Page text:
Funny, I've just been pondering my issues with Heidegger's praise of tradition and nationalism (inspired by MbD's post), when Forster offers his mockery of the same - 20 years before the publication of Being and Time:
‘Yes. Tradition is of incalculable value. And I envy those schools that have a natural connection with the past. Of course Sawston has a past, though not of the kind that you quite want. The sons of poor tradesmen went to it at first. So wouldn’t its traditions be more likely to linger in the Commercial School?’ he concluded nervously.
‘You have a great deal to learn – a very great deal. Listen to me. Why has Sawston no traditions?’ His round, rather foolish, face assumed the expression of a conspirator. Bending over the mutton, he whispered, ‘I can tell you why. Owing to the day-boys. How can traditions flourish in such soil? Picture the day-boy’s life – at home for meals, at home for preparation, at home for sleep, running home with every fancied wrong. There are day-boys in your class, and, mark my words, they will give you ten times as much trouble as the boarders – late, slovenly, stopping away at the slightest pretext. And then the letters from the parents! “Why has my boy not been moved this term?” “Why has my boy been moved this term?” “I am a dissenter, and do not wish my boy to subscribe to the school mission.” “Can you let my boy off early to water the garden?” Remember that I have been a day-boy housemaster, and tried to infuse some esprit de corps into them. It is practically impossible. They come as units, and units they remain.
Worse. They infect the boarders. Their pestilential, critical, discontented attitude is spreading over the school. If I had my own way—’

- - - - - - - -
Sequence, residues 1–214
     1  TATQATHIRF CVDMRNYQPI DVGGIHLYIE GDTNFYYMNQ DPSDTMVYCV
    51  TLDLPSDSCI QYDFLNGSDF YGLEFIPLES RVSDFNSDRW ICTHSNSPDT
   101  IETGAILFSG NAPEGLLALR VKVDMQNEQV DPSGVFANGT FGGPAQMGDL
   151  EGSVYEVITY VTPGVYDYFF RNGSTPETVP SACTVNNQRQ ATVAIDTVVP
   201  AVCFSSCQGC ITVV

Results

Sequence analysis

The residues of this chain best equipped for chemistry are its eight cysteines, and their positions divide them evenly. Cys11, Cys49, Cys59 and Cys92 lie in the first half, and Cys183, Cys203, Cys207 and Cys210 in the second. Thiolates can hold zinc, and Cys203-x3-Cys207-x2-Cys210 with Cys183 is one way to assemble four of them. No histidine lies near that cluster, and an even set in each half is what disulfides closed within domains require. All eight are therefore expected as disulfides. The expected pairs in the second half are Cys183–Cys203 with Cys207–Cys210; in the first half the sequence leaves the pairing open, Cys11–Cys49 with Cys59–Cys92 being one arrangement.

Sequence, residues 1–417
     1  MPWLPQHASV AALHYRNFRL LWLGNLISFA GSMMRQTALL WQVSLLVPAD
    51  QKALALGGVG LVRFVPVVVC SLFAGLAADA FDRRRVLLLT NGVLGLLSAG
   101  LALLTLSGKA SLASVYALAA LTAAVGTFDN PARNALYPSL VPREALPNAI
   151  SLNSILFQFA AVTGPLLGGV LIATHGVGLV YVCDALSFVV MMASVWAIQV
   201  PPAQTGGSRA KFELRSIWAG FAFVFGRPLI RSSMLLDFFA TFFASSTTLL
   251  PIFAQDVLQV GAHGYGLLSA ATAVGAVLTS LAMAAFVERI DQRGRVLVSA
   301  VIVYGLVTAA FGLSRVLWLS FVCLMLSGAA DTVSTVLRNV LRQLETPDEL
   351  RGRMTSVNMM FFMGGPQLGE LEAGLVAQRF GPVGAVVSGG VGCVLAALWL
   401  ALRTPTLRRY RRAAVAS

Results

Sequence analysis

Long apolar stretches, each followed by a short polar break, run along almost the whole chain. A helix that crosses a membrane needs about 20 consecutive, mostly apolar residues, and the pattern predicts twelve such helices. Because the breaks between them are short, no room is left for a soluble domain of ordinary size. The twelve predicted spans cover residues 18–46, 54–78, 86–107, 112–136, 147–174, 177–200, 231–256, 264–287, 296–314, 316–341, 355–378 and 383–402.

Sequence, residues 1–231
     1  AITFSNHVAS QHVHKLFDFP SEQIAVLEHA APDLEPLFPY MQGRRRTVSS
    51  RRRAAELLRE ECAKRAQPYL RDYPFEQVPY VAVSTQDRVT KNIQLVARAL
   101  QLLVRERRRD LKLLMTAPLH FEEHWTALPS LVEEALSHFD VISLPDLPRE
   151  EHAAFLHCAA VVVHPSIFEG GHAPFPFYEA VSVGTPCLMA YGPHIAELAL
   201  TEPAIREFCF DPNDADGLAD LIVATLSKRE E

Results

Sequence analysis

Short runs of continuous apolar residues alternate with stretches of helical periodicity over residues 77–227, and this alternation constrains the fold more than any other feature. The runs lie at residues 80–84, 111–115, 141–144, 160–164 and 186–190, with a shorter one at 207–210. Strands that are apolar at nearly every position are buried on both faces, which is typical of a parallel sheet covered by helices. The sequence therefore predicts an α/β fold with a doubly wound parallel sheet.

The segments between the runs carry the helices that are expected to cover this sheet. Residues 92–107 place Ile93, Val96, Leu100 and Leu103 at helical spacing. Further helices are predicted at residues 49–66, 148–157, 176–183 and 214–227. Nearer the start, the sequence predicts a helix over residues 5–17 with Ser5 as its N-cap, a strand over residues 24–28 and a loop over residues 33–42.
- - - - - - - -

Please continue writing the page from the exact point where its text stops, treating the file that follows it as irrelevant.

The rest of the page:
He stopped somewhat abruptly.
‘Was that why you laughed at their singing?’
‘Not at all. Not at all. It is not my habit to set one section of the school against the other.’ After a little they went the rounds. The boys were in bed now. ‘Good night!’ called Herbert, standing in the corridor of the cubicles, and from behind each of the green curtains came the sound of a voice replying, ‘Good night, sir!’ ‘Good night,’ he observed into each dormitory. Then he went to the switch in the passage and plunged the whole house into darkness.
Rickie lingered behind him, strangely impressed. In the morning those boys had been scattered over England, leading their own lives. Now, for three months, they must change everything – see new faces, accept new ideals. They, like himself, must enter a beneficent machine, and learn the value of esprit de corps. Good luck attend them – good luck and a happy release. For his heart would have them not in these cubicles and dormitories, but each in his own dear home, amongst faces and things that he knew. Next morning, after chapel, he made the acquaintance of his class. Towards that he felt very differently. Esprit de corps was not expected of it. It was simply two dozen boys who were gathered together for the purpose of learning Latin.
I have the sad feeling that the MC, Rickie, will eventually be ground down by the institutionalism he's opposing.